Not many people are paying attention, but President Trump’s meeting Monday with Russian President Vladimir Putin will determine the future course of U.S. policy on Syria. There’s still time to avoid the most dangerous outcomes. Trump must not strike a catastrophically bad deal that would only worsen conditions for the Syrian people, the region and the United States’ security.

Ahead of the summit, Trump’s national security team has been battling internally over a proposed deal that Trump discussed with Jordan’s King Abdullah II in Washington last month. It would fulfill Trump’s wish to withdraw most U.S. troops from Syria “very soon ” while endorsing Syrian President Bashar al-Assad’s and Russia’s brutal takeover of southern Syria, a direct violation of Putin’s last deal with the Trump administration.

Russia, in turn, would promise to limit the Iranian presence near Syria’s borders with Jordan and Israel. The deal would also encourage the U.S.-backed, mostly Kurdish Syrian Democratic Forces to work with Assad and Russia as Trump removes the 2,200 U.S. troops in Syria’s northeast. Jordan and Israel seem to be on board. But inside Trump’s team, there’s a split.

Pushing the proposal are Brett McGurk, the State Department’s envoy to the global anti-Islamic State coalition, and David Satterfield, the acting assistant secretary of state for near Eastern affairs, who is rumored to be Trump’s pick for ambassador to Turkey, according to two U.S. officials. Other State Department, Pentagon and National Security Council officials are deeply skeptical of the potential arrangement.

National security adviser John Bolton internally objected to at least two aspects of the deal, the officials said. First, he insisted the small U.S. military base near the al-Tanf border crossing not be traded away as part of the negotiation. Bolton also argued that any deal must result in Iran’s full, not partial, withdrawal from Syria.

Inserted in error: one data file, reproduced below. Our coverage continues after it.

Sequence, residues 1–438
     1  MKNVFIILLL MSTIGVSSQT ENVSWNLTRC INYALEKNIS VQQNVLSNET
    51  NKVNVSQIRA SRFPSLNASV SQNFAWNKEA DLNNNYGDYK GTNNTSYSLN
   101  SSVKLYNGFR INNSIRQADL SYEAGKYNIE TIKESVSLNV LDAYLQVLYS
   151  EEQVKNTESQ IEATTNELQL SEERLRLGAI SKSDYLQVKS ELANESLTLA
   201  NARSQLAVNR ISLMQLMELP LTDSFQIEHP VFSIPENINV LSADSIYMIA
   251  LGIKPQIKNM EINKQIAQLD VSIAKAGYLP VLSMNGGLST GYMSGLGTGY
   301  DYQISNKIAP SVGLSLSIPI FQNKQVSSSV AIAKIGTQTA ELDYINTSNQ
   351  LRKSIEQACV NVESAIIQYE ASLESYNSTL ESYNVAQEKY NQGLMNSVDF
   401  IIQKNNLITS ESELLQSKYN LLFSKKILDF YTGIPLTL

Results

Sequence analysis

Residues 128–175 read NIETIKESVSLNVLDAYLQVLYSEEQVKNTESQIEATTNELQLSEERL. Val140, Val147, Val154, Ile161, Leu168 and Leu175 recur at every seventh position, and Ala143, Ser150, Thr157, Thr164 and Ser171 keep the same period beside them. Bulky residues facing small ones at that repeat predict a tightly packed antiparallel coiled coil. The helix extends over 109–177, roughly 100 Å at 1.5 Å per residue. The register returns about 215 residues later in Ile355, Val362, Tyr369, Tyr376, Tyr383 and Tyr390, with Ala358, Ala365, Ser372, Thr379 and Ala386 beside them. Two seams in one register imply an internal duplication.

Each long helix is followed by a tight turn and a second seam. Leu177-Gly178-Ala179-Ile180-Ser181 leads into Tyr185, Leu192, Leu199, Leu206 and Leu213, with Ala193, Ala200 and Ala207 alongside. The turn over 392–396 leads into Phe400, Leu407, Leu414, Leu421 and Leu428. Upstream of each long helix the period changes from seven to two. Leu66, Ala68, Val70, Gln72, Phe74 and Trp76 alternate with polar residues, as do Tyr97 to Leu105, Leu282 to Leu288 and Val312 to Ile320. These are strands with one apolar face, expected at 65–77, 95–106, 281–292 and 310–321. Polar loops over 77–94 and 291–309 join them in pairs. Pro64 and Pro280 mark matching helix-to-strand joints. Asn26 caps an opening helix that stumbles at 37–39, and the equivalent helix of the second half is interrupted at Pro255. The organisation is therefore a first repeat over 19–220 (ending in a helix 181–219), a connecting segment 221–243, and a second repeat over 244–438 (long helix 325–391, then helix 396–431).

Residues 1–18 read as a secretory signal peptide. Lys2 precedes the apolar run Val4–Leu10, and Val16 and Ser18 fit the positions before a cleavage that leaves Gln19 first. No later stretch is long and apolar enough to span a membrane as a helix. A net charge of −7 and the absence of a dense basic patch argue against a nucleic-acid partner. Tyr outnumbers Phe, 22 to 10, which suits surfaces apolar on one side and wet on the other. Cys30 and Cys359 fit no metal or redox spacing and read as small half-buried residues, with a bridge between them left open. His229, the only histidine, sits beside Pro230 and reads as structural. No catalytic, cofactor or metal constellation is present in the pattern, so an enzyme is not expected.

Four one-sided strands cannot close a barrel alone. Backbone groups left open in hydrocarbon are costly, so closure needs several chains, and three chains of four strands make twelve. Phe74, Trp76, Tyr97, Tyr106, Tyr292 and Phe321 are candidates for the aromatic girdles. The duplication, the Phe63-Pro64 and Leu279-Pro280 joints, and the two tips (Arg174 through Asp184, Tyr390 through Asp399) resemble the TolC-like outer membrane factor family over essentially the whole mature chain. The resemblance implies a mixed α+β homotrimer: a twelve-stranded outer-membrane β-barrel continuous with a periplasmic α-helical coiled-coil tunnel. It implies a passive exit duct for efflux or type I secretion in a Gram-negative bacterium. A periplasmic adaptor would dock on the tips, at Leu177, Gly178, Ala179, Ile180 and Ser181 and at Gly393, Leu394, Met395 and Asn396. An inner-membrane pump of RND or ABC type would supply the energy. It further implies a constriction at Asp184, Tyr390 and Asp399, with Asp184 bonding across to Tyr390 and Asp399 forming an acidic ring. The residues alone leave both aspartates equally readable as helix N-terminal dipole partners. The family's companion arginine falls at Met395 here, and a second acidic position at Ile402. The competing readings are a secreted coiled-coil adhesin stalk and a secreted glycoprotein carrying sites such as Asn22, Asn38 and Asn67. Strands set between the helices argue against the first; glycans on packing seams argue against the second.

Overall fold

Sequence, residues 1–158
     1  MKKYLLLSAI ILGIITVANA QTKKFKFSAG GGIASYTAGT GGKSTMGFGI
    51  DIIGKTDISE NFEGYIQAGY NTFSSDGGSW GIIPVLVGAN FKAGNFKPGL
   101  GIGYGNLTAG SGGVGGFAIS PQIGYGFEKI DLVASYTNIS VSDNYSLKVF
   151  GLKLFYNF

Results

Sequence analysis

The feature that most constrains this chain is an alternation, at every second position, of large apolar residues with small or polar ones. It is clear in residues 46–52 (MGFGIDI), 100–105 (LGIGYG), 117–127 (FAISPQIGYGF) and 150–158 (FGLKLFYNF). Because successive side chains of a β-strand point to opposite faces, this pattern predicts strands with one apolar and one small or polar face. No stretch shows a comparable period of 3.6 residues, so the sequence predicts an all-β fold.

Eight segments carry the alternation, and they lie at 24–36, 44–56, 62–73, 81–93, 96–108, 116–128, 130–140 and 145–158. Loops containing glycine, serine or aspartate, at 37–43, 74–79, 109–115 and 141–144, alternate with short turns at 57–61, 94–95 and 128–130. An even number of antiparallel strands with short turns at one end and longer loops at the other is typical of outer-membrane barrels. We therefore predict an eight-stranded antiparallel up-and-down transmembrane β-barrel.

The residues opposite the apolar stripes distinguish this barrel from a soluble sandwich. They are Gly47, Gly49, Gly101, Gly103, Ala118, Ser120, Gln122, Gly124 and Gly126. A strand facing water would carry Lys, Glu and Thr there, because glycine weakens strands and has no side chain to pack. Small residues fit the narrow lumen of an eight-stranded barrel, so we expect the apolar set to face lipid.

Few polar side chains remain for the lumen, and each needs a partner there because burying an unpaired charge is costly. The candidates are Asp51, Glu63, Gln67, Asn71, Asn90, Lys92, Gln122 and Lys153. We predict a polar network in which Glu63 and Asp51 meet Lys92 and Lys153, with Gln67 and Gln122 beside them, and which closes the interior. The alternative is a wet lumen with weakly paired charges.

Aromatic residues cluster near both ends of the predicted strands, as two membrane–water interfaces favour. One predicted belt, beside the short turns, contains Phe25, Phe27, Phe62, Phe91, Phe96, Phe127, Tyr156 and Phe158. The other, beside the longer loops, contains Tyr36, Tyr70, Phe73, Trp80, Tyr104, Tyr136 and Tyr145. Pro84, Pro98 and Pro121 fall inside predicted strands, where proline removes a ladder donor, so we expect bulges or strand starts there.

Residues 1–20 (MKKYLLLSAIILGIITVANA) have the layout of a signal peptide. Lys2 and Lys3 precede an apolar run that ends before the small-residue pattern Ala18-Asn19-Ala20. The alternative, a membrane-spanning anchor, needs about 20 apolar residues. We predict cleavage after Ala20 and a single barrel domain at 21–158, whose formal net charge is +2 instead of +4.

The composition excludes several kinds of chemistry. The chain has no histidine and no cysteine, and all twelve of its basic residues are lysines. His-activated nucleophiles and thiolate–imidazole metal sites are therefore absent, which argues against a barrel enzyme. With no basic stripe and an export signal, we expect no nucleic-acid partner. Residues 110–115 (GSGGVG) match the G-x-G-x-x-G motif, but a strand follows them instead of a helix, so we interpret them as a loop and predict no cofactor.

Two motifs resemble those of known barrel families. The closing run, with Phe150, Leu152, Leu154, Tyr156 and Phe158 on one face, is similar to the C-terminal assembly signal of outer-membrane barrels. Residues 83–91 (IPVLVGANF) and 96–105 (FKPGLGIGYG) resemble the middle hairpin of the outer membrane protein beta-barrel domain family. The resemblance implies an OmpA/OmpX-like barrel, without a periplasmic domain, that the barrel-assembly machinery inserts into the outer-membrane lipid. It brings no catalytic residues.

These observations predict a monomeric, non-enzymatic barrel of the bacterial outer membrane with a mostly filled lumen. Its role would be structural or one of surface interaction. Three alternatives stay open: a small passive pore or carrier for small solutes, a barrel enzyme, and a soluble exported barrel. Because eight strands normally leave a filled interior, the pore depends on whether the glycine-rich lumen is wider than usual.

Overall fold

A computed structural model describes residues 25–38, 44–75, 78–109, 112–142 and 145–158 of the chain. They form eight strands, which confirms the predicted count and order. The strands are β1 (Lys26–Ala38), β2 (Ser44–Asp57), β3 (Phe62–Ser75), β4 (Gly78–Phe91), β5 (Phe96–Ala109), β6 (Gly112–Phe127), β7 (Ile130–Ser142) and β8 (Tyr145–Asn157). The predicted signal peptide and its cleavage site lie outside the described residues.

Military officials worry the deal would leave the fight against the Islamic State unfinished, allowing their resurgence in a repeat of what happened after President Barack Obama withdrew U.S. troops from Iraq in 2011. Lt. Gen. Michael Nagata, a top official at the National Counterterrorism Center, said this week that the Islamic State remains in Iraq and Syria and the fight is not over.

“My view is the role of the United States is irreplaceable in dealing with what remains,” he said.

The deal’s basic premise is that reducing violence in Syria is the first priority, allowing refugees to return and a political process to emerge. It’s based on two false assumptions about Russia: that Moscow seeks a genuine negotiated political solution and has the power or will to contain Iran.

Secretary of State Mike Pompeo testified last month that Russia’s capacity to push Iran out of Syria is an “open-ended question.” He also said U.S. efforts to push a diplomatic solution are hampered by a lack of pressure on Assad and his partners.

“We are not yet in a position where we have sufficient leverage to achieve the political outcome that is in the best interest of the United States and the world,” Pompeo said.

By announcing withdrawal as his primary goal, Trump weakened U.S. leverage and undermined his own negotiators. Trump has also frozen almost all the U.S. humanitarian assistance in Syria and cut off aid to the rebels, additional unilateral concessions to Assad, Russia and Iran.

Nobody knows what Trump and Putin will agree to in Helsinki. It could be a loose agreement to pursue the proposed deal in the weeks ahead. That means the policy fight begins in earnest when the summit ends. But whatever the leaders say will loom large over those discussions.

Congress is trying to give Trump leverage he probably won’t use. The House has already passed multiple bills that would heavily sanction the Assad regime and any partners who assist its ongoing mass atrocities. One bill is named after “Caesar,” the Syrian military defector who smuggled out roughly 55,000 images documenting the regime’s torture and murder of thousands of civilians in custody.

“What message is the world sending? It’s okay for the Russian Air Force to bomb hospitals?” Caesar asked me during his recent visit to Washington. “Where is humanity?”

The United States still has a role to play in Syria and a responsibility to do what’s right and safe. The administration at least must hold on to its last bits of leverage to push for the opposition’s inclusion in real negotiations, humanitarian access for the starving, an end to Assad’s atrocities and accountability for the war criminals. Nothing Putin agrees to can be trusted, so if the deal is to trade U.S. troop withdrawal for Iranian troop withdrawal, Iran has to withdraw its troops first.

Helsinki is not a peace conference ending a war. It is a way station on the path to the war’s next phase. Assad’s brutal slaughter will only increase as the United States withdraws. Unless Trump negotiates tough with Putin now, he could see the Islamic State return and Iran expand — on his watch and with no one else to blame.

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